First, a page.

2. Jonny says:

    What was the exact year that the taste changed on Old Crow? I have had their 69 offering “Chessmen” and loved it but haven’t had anything early 70s? I don’t suspect the decanter did it any justice.

    1. John says:

      Hi Jonny, sadly, there’s no mention of the specific year in the Chuck Cowdery article. Maybe there’s a chance what you had was distilled pre- alteration.

  3. Louis says:

    Still remember in the late 60’s , early 70’s ,my Grandfather making a giant punchbowl of EGG NOG…..and always had to TOP it off with OLD CROW whiskey…….it was the BEST……!!!!

    1. Bob Robinson says:

      The changed product hit the market in 1969. The error was not corrected until 1983 when evidence was found that proved what happened. Corporate allowed a correction to be made. Approximately 40,000 barrels was made. The difference was very evident. Also know that it was made using a 21 plate column still.

  4. David says:

    I am the owner of Glenns Creek Distilling located on the Old Crow property. That was a nice write-up. A couple of things. One- the Old Crow distillery building is still standing and looks like the photo. A lot of the equipment is now gone but the building is still there. Second- Old Crow (thanks to E. H. Taylor) heated the warehouses and the gentleman who was a Superintendent here told me that they would get the equivalent of 6 years of aging in 4 years due to the extra heat in the winter months. I don’t know entry proof in 1955 but the entry proof (at the end at least) of OC was 115. I have had a 1967 and 1970 Old Crow and I agree that they are significantly different than bourbons today. We distill a product called Cuervito Vivo! and it is a recreation of the Old Crow recipe. We use a pot still so it is not exactly the same but it is muy bueno. Come by and give it a try when you are in Kentucky.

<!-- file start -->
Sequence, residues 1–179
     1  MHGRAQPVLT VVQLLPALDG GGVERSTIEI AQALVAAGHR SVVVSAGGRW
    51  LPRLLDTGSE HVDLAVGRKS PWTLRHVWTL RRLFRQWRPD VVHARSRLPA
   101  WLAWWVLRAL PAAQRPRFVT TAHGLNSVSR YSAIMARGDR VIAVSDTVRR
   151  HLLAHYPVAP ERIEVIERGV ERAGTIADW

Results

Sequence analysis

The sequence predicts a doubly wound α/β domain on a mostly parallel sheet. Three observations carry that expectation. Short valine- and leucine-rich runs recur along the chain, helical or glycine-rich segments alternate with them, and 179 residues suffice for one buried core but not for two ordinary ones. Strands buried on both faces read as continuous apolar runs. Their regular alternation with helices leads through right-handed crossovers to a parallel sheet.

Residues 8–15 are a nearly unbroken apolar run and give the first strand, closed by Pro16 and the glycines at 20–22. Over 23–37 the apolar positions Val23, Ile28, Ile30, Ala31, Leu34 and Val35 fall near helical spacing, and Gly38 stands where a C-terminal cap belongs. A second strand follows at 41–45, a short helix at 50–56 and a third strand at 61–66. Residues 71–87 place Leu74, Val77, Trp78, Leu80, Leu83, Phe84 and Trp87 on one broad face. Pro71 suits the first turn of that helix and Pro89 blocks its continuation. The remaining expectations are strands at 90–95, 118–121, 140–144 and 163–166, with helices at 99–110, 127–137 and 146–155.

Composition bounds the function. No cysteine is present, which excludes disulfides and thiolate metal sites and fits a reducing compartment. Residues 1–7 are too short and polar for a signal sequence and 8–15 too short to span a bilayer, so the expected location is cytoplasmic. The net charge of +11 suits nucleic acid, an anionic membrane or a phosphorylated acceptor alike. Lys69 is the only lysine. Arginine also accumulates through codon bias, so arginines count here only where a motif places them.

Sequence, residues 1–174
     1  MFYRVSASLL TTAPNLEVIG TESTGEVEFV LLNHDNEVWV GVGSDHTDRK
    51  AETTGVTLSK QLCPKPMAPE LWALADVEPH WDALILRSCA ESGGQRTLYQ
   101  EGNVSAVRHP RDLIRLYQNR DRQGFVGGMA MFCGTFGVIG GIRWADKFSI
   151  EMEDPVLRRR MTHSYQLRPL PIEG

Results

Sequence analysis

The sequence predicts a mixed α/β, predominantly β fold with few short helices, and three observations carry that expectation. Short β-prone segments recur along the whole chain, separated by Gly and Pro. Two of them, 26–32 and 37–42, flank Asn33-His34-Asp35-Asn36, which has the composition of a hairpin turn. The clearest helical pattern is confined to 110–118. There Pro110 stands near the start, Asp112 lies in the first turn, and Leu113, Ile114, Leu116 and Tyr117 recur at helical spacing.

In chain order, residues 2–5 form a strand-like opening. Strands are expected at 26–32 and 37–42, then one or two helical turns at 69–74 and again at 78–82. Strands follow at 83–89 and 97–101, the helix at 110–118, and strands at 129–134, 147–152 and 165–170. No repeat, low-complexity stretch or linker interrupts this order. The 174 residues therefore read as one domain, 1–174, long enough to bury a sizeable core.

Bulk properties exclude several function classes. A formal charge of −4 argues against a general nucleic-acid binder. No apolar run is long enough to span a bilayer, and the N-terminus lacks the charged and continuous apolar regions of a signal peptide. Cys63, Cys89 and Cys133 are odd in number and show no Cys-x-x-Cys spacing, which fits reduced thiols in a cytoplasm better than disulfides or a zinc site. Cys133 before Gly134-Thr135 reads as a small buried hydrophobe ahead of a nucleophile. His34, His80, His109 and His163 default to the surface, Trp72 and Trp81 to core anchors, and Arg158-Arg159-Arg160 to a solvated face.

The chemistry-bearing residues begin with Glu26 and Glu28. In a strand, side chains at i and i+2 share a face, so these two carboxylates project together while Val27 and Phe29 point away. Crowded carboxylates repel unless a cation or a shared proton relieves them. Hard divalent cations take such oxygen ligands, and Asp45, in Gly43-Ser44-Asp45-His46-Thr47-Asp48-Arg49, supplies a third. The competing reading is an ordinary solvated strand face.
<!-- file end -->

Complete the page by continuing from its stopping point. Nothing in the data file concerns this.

1. John says:

      Hi David, sorry for the late reply. Thanks for the comment and information as well.

      It’s very interesting to know that heated warehouses to promote faster aging was already being done then. I was under the impression that it’s a fairly recent technique.

      Would you have any idea if Old Crow was made with pot stills then? or where they column distilled? I’m looking forward to trying your Cuervito Vivo when I get the chance!

  5. John says:

    Ph was not discovered/outlined until 1909 w revision in 1924 by Danish scientist Sorensen Peder Lauritz at the Carlsberg Laboratory .

    Dr. Crow did use ph measurements.